As for discriminant validity, it was found that the quality of life of fecal incontinent patients is still hampered globally in all domains and FII (mean scores of quality of life: 11.2; lifestyle: 3.1; behavior: 3.0; depression: 2.6; embarrassment: 2.3, and FII: 10.4) compared with healthy volunteers (15.2; 3.9; 3.9; 3.6; 3.9, and 15.4, respectively), and there is a significant statistical difference between groups when Student's t-test was applied, with p<0.05 (Table 2). Moreover, there was no significant difference between the results of children with anorectal malformations and Hirschsprung's disease (Table 3).

Table 2 Comparison of FII and QQVCFCA and its domains between healthy volunteers (group “normal”) and children with anorectal malformations or Hirschsprung's disease (group “patient”). 

Mean Standard deviation 25th percentile 75th percentile Median
Normal 15.37 1.0 15.0 16.0 16.0
Patient 10.4 4.48 6.0 15.0 11.0
Normal 15.2 0.9 15.0 15.7 15.5
Patient 11.2 3.3 8.6 14.8 11.2
Normal 3.9 0.3 4.0 4.0 4.0
Patient 3.1 0.9 2.3 4.0 3.4
Normal 3.9 0.2 3.8 4.0 4.0
Patient 3.0 0.8 2.5 3.8 3.1
Normal 3.6 0.31 3.4 3.8 3.6
Patient 2.7 0.83 2.1 3.5 2.7
Normal 3.9 0.2 4.0 4.0 4.0
Patient 2.3 1.11 1.3 3.6 2.0

FII, fecal incontinence index; QQVCFCA, questionnaire for the assessment of quality of life related to fecal incontinence in children and adolescents; LS, lifestyle; BEH, behavior; DEP, depression; and EMB, embarrassment. Performed with Student's t -test, with p <0.05 and statistically different results.

Table 3 Comparison of FII and QQVCFCA and its domains between children with anorectal malformations and Hirschsprung's disease. 

Mean Standard deviation 25th percentile 75th percentile Median
HD 10.0 4.4 5.5 13.5 11.0
ARM 10.9 4.6 6.5 15.0 13.0
HD 11.2 3.4 8.1 15.0 11.0
ARM 10.8 3.6 7.6 14.9 10.5
HD 3.1 0.8 2.3 4.0 3.5
ARM 3.1 0.8 2.3 4.0 3.0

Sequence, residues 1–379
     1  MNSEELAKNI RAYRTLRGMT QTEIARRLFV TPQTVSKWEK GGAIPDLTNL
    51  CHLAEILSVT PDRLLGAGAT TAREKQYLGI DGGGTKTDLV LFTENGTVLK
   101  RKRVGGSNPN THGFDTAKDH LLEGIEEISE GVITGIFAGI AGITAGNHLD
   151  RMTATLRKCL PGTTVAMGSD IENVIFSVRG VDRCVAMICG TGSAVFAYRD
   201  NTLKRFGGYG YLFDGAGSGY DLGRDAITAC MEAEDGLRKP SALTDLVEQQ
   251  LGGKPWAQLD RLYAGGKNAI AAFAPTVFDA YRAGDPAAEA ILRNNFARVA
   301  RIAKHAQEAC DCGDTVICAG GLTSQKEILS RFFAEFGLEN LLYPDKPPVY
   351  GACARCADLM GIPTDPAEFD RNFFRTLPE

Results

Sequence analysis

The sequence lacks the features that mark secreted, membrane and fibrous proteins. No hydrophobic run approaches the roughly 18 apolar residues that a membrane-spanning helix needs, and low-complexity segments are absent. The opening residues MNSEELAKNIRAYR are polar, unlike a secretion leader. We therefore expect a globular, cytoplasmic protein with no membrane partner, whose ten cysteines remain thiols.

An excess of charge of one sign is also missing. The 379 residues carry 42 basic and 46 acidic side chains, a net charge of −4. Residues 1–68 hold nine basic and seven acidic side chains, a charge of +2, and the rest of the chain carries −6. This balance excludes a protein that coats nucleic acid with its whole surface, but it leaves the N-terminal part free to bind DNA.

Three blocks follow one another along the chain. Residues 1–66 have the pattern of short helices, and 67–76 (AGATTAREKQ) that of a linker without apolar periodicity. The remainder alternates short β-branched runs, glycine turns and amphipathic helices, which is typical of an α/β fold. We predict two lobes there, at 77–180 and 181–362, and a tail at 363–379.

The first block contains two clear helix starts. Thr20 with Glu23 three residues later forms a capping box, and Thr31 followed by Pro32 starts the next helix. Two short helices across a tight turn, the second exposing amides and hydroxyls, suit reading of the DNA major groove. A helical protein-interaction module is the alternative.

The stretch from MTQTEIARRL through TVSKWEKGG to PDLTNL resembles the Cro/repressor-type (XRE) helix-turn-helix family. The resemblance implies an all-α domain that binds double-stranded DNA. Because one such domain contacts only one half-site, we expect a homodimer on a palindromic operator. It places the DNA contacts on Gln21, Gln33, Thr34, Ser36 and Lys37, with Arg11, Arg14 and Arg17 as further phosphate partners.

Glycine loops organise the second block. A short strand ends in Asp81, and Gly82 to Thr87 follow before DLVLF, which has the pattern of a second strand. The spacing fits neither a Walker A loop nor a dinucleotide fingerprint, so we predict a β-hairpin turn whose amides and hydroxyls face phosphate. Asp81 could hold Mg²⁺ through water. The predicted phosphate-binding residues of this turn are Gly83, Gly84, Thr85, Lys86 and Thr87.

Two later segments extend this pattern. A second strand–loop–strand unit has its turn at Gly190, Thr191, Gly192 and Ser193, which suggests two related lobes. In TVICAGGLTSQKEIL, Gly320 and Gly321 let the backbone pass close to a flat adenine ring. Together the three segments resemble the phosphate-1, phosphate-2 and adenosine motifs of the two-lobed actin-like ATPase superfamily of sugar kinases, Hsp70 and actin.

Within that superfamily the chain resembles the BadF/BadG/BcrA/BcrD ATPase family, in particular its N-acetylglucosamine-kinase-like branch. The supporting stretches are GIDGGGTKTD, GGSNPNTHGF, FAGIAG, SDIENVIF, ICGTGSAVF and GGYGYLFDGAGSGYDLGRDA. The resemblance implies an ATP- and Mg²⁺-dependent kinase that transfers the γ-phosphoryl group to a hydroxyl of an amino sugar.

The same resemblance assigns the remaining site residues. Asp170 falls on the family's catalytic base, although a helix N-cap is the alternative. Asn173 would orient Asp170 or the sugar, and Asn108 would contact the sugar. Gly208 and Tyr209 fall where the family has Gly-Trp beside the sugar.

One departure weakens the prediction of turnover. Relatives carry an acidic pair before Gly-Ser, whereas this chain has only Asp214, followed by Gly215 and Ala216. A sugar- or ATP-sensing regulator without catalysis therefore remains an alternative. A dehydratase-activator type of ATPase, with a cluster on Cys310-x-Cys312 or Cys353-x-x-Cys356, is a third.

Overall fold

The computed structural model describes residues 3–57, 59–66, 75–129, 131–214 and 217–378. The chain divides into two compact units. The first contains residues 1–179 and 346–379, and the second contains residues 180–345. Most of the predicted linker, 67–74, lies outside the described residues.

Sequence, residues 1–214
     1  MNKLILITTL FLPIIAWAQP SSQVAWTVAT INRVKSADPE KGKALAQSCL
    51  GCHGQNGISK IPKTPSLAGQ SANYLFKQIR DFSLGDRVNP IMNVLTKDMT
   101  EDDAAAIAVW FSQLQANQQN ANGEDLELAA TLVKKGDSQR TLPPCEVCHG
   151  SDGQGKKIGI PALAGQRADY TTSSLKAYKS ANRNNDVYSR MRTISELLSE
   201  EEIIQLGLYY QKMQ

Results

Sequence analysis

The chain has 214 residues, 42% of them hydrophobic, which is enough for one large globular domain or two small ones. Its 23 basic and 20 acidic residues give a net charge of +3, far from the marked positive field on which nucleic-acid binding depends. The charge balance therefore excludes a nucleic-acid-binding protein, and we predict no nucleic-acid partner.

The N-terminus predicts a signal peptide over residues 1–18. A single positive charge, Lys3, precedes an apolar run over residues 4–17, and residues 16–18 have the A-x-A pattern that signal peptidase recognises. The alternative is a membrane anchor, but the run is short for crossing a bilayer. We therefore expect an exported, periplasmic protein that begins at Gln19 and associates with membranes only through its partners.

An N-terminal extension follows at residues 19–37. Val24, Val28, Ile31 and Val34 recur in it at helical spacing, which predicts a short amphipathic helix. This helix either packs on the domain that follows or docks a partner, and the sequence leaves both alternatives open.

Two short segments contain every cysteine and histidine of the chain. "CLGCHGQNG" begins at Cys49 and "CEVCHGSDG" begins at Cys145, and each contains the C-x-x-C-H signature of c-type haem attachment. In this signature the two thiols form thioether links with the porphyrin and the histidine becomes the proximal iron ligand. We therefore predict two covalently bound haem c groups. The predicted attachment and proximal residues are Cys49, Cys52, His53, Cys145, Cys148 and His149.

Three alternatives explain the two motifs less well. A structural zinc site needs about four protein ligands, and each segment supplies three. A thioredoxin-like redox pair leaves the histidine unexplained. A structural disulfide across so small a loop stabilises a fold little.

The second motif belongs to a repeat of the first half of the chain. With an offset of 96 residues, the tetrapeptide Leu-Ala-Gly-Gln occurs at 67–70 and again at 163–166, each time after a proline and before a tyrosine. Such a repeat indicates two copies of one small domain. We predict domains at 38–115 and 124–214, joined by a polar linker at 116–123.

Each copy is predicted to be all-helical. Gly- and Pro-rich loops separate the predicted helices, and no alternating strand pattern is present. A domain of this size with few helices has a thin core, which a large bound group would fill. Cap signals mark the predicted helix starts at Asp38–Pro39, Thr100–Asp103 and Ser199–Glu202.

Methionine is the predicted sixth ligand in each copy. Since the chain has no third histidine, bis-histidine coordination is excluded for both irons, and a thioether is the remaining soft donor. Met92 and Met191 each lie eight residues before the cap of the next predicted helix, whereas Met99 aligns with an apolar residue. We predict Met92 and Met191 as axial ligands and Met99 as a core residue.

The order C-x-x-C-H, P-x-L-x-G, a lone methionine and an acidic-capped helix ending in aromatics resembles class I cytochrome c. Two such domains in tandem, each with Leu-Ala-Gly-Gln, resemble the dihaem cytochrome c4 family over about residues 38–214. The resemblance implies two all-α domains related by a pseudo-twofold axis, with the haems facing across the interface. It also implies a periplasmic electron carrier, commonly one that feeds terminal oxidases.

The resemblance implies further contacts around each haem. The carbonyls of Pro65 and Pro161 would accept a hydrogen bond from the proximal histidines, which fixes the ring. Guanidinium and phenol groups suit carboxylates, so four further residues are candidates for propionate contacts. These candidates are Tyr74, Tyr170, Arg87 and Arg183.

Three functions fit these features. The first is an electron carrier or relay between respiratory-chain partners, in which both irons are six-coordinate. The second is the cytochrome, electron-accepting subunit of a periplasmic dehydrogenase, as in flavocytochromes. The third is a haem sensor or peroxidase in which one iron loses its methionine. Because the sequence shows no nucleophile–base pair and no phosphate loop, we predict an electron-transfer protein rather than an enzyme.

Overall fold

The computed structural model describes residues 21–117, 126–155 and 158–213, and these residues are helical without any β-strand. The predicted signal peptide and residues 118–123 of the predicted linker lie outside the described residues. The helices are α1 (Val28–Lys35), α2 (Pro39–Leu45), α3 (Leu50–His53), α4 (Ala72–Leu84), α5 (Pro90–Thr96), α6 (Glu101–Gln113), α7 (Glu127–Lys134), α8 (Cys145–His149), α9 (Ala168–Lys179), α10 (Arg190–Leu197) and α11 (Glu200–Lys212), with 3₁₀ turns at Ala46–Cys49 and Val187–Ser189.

HD 3.1 0.8 2.5 4.0 3.3
ARM 2.9 0.9 2.2 3.7 3.2
HD 2.7 0.8 1.8 3.4 2.5
ARM 2.5 1.0 1.6 3.8 2.3
HD 2.2 1.2 1.2 3.6 1.6
ARM 2.3 1.1 1.0 3.4 2.0

HD, Hirschsprung's disease; ARM, anorectal malformations; FII, fecal incontinence index; QQVCFCA, questionnaire for the assessment of quality of life related to fecal incontinence in children and adolescents; LS, lifestyle; BEH, behavior; DEP, depression; and EMB, embarrassment.


About 30–50% of patients with anorectal malformations or Hirschsprung's disease may have some degree of fecal incontinence,6 similarly to what was observed in this study. In general, it affects the occupational, social, emotional, sporting, and sexual areas and may lead to psychiatric disorders with loss of individual independence. It is therefore closely related to QoL.7 In a review article of several studies, it was shown that patients with impaired bowel function also have impaired QoL, with this correlation ranging from small, medium or strong.1 Despite advances in surgical pediatric techniques, fecal incontinence remains a common problem for patients.8 Therefore, during outpatient care, just asking about the number of bowel movements and subjectively evaluating the patient status has proven insufficient and superficial. It is important to include the concept of QoL; that is, the extent to which these physical/psychological/social problems affect the functionality and expectations of the patient. Therefore, the assessment of QoL and fecal incontinence should be done using objective, quantitative, and reproducible methods that allow long-term follow-up of patients.